The paper is not written well with, as I said, a lot of extraneous waffle. It's not clear to me if there was another clinical assessment at the end of the 6 months. So, I can't tell if the change in fatigue levels correlates with a change in disease status. Fatigue level might also have changed due to an increase or decrease in work hours or support. The possibility that medication might be a factor is raised as a limitation of the study in the discussion - but it's a big one.

    On the CFS/CFQ:
    They aren't fully aware of the problems with the Chalder Fatigue Questionnaire. It pretty much invalidates the whole study, as it's impossible to know if they have captured variation in fatigue improvements or just variation in the way people interpret the questions.


    That's a brave call. They found some measures that were correlated with a possible fatigue improvement in their very small sample. That certainly doesn't mean the measures will be of any use in subsequent studies.
     
    Last edited: Jun 29, 2022
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  6. Jonathan Edwards

    Jonathan Edwards Senior Member (Voting Rights)

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    It isn't clear from the abstract whether the initial MRI findings predicted fatigue improvement or that the change in MRI over 6 months correlated with fatigue improvement. I cannot be bothered to try to find out because the whole thing looks like gibberish.

    Surely asking the patient how they feel (a clinical measure) is more use, as a way of finding out how they feel, than any of this?
     
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  7. Hutan

    Hutan Moderator Staff Member

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    I guess if a change in the curvature of the left superior temporal sulcus really was correlated with an improvement in fatigue, that might give a clue as to what treatment should be offered (with that part of the brain's links to 'audiovisual processing and motion perception' I predict it will be a course of jazzercise).

    But yeah, it really is gibberish. All those words, and although they say the procedure was repeated at 6 months, I still don't know if they used baseline and/or 6 months data for their model.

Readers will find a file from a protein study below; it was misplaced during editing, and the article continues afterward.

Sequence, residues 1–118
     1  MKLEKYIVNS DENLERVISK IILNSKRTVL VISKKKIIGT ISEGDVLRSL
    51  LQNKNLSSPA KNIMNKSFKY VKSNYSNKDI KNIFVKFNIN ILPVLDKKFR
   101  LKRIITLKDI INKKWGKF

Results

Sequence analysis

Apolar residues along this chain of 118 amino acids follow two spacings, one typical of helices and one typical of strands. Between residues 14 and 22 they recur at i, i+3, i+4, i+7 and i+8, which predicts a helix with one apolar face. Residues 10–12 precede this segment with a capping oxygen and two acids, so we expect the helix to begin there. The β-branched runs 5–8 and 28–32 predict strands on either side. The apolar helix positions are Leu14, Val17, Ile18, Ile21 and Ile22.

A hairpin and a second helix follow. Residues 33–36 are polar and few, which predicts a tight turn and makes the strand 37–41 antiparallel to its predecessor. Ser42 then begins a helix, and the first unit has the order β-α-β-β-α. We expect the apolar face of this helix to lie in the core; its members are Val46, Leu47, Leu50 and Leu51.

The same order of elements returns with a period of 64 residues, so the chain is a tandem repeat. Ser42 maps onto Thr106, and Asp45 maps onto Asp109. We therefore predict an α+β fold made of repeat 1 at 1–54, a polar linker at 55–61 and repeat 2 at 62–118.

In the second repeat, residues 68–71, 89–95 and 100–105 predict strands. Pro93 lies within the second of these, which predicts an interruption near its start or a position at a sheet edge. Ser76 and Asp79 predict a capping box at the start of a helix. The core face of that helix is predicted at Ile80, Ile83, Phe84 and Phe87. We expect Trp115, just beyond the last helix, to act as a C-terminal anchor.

They had 596 structural features and 304 diffusion features. Quite a lot to pick from. And yet the predictive value of their models is really poor (less than 70% accuracy, even when they use 10 variables).

    They seem to be suggesting that their model is great, and if it isn't reproducible, it's because the environment of other countries changes which bits of the brain are related to fatigue.
     
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  8. rvallee

    rvallee Senior Member (Voting Rights)

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    It sounds a bit exaggerated, hyperbolic, when I say that most of how biopsychosocial happens in evidence-based medicine is a popularity contest, an issue of fashion, rather than reliability. Nope, it literally is. It's bad but fashionable so it's used. Same as all the stupid labels invented for us over the years. We didn't invent them, they did. And they continue to be used because they are fashionable.
    It's like those psychological experiments they do with a fake group, where only one person is the actual subject and everyone else is part of the experiment, and they're asked simple things like which line is shorter and everyone part of the experiment gives the wrong answer because the goal is to check how people react to situations like this.

    Everyone says the longer line is shorter? Well I don't want to rock the boat here so it must be. This questionnaire is obviously bad but it's very fashionable? Let's go right ahead and use it. That's how you build a career.
     
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  9. Hutan

    Hutan Moderator Staff Member

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    I don't find that hyperbolic at all. Much of the way life is done is a popularity contest - part of it is fashion, part of it is doing or saying what you think will be acceptable to those who have power. Careful logic often comes a fair bit of the way down the list, hopefully not so much when building bridges, sadly all too often in medicine and medical research.